Maharshi Bharadwaja transcended from one Yuga to another. He is among the seven prime seers of Mythological era. Whether there were other seers by his name is not known. It is possible that seers succeeding him in his Gothra could have been known by the same name. Nevertheless, he is the only Bharadwaja referred to as one among Maharshis. He has also authored Anshu Bodhini dealing with cosmology, few sections of which are still available. Its reference is made to several topics in Vymanika Shastra. It again features commentary from Bodhananda. The style of Sanskrit in Vymanika shastraand Anshu Bodhini have been studied by Sanskrit scholars for a possible commonality of authorship. Their opinion confirms common authorship. The introductory part of the subject work clearly avers as follows. Maharshi Bharadwaja's Vymanika shastraor ‘Science of Aeronautics' is a part of his unknown work, Yantra sarwaswa or ‘all about machines'. Here we see no reason why anyone should be attributing the work to him without any gain for himself. No one else down the line has claimed the authorship nor has anyone disputed.

Deliberating on the dating aspect of the work, the data gathered by the study team explains certain crucial issues. The work itself is not a part of the Vedas as is misunderstood by many. Nowhere it is claimed so either. It is claimed to be the essence and offshoot from the principles of Vedic knowledge. It is necessary to understand that Vedas are anaadi, or ‘from-time-immemorial', they had no relationship with time cycle.

The basic structure of the Vedas has remained unaltered, interpretations however could be different. Nevertheless, essence could have been communicated by preceptors at many points of time, in any style of Sanskrit, which could be even in a contemporary structure of the language. It could even be in a different language conveyed to someone distant in any part of the world. Hence, going into the exercise of verifying the number of Vedic Sanskrit words vis-a-vVis medieval or modern Sanskrit language is a tangential approach and serves no useful purpose. In fact, Sri. G.R. Josyer, who was himself an eminent Sanskrit scholar, has paid tributes to the high fidelity of Sanskrit language of the text.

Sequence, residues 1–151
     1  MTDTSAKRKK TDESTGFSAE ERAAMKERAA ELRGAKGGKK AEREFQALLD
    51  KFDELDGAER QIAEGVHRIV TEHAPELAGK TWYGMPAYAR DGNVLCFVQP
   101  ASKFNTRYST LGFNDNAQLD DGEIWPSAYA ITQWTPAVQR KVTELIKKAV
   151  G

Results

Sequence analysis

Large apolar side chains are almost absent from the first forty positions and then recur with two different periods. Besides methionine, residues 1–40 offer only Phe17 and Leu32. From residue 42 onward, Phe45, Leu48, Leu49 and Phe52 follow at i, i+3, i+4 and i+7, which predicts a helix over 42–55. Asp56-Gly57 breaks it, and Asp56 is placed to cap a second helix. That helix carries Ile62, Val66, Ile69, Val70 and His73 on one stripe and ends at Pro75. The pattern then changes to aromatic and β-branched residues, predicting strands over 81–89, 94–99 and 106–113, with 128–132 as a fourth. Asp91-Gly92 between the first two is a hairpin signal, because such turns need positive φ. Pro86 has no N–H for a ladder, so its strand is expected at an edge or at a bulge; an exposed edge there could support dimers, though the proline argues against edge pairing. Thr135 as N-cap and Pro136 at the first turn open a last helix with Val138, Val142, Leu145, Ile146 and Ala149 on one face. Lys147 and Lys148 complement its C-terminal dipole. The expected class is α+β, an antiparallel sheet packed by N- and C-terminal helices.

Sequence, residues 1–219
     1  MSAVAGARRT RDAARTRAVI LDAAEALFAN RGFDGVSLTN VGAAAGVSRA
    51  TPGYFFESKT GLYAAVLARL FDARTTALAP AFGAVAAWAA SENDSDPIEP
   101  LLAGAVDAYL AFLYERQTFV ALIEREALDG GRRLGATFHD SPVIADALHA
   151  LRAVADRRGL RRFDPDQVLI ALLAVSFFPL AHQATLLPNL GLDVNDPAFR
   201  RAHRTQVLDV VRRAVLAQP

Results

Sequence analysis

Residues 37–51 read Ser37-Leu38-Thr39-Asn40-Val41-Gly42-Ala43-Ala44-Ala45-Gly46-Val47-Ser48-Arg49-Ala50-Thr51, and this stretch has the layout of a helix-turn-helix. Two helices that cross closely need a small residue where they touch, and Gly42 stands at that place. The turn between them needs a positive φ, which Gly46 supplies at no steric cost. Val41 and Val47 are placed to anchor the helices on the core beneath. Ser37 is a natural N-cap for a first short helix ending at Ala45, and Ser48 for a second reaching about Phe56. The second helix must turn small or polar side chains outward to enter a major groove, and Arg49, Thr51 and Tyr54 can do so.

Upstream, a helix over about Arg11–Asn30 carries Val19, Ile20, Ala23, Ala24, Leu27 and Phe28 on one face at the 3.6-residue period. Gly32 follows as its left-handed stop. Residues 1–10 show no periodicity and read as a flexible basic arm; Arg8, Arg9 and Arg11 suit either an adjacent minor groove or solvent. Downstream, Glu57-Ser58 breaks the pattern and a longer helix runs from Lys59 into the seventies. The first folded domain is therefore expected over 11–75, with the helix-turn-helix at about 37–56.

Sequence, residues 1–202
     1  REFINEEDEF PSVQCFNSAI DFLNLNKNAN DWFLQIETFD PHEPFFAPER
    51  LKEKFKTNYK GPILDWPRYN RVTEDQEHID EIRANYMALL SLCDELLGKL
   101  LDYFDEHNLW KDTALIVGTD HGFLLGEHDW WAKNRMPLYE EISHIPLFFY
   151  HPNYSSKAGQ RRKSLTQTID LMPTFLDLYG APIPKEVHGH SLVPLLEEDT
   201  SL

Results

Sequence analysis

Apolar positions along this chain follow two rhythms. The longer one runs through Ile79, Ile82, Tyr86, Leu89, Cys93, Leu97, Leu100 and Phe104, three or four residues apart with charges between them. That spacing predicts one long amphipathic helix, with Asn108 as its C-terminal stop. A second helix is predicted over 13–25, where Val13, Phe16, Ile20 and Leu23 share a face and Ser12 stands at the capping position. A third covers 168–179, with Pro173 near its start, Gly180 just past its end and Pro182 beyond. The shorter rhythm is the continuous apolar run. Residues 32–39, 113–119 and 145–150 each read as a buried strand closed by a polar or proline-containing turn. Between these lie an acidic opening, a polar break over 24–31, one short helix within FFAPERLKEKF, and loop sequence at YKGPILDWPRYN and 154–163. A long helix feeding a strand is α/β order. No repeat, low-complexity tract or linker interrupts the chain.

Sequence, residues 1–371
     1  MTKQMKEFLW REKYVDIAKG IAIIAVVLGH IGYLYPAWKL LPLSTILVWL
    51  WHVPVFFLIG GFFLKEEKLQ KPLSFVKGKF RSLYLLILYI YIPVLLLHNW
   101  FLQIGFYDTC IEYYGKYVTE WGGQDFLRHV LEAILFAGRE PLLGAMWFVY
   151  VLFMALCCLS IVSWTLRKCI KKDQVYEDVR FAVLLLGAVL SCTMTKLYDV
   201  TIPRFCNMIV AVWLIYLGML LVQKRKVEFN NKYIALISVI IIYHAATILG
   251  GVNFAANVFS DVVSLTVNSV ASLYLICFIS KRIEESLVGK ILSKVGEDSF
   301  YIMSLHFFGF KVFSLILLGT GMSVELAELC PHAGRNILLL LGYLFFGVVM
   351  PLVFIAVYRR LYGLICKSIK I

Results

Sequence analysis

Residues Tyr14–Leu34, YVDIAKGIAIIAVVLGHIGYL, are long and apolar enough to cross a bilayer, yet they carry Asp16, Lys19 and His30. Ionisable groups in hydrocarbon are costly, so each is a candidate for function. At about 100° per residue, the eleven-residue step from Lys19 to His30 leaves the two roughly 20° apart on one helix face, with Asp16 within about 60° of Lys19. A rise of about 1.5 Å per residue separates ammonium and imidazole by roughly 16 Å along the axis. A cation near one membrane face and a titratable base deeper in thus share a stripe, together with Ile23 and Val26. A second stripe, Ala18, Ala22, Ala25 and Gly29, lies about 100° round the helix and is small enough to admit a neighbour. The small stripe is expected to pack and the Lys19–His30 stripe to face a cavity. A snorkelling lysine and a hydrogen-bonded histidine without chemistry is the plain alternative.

Despite being one of the most knowledgeable seers himself, Maharshi Bharadwaja has chosen to quote lucid definitions, rules or soothras of other sages and preceptors. Bodhananda's commentaries have referred to expressions from these sages and Acharyas and works on related ancient sciences. Brief descriptions of other scientific guides/works in this book have been given in another work of Sri. Madhusudhana Saraswati, Prasthana Thraya.

Discussing the dating of the work, all that can be said with a fair degree of certainty is that the work, being a part of Yantra Sarwaswa featured at several points of time in known History. Science of Aeronautics was in existence even earlier than Bodhananda. Bodhananda chose to write vritti or commentary or explanatory notes on the seer's pronouncements for ease of understanding by the users. This was a traditional treatment given to very many works of philosophy as well. Bodhananda was known to be in 10th century AD according to some research sources.

Confirmation on references to the textual content of the work during the 19th century is discovered by an observation in which Maharshi Dayananda Saraswati had given clarification on the direction of thrust of propulsive devices of Vimanas quoting Rig-Bhashya Bhumika. This was dated to be in 1875. As we notice from that text of Vymanika Shastra, it is a work based on many disciplines of science and technology, described by core researchers of several fields. Each ‘sootra' or ‘rule' contains references to several topics of science or technology. Under the given conditions, there is adequate logic to accept that Yantra Sarwaswa was an offshoot of Vedic knowledge. The Vymanika Shastra came into being in manuscript form between 1903 to 1918 as revelations by Mystic scholar, Anekal Subbaraya Shastry.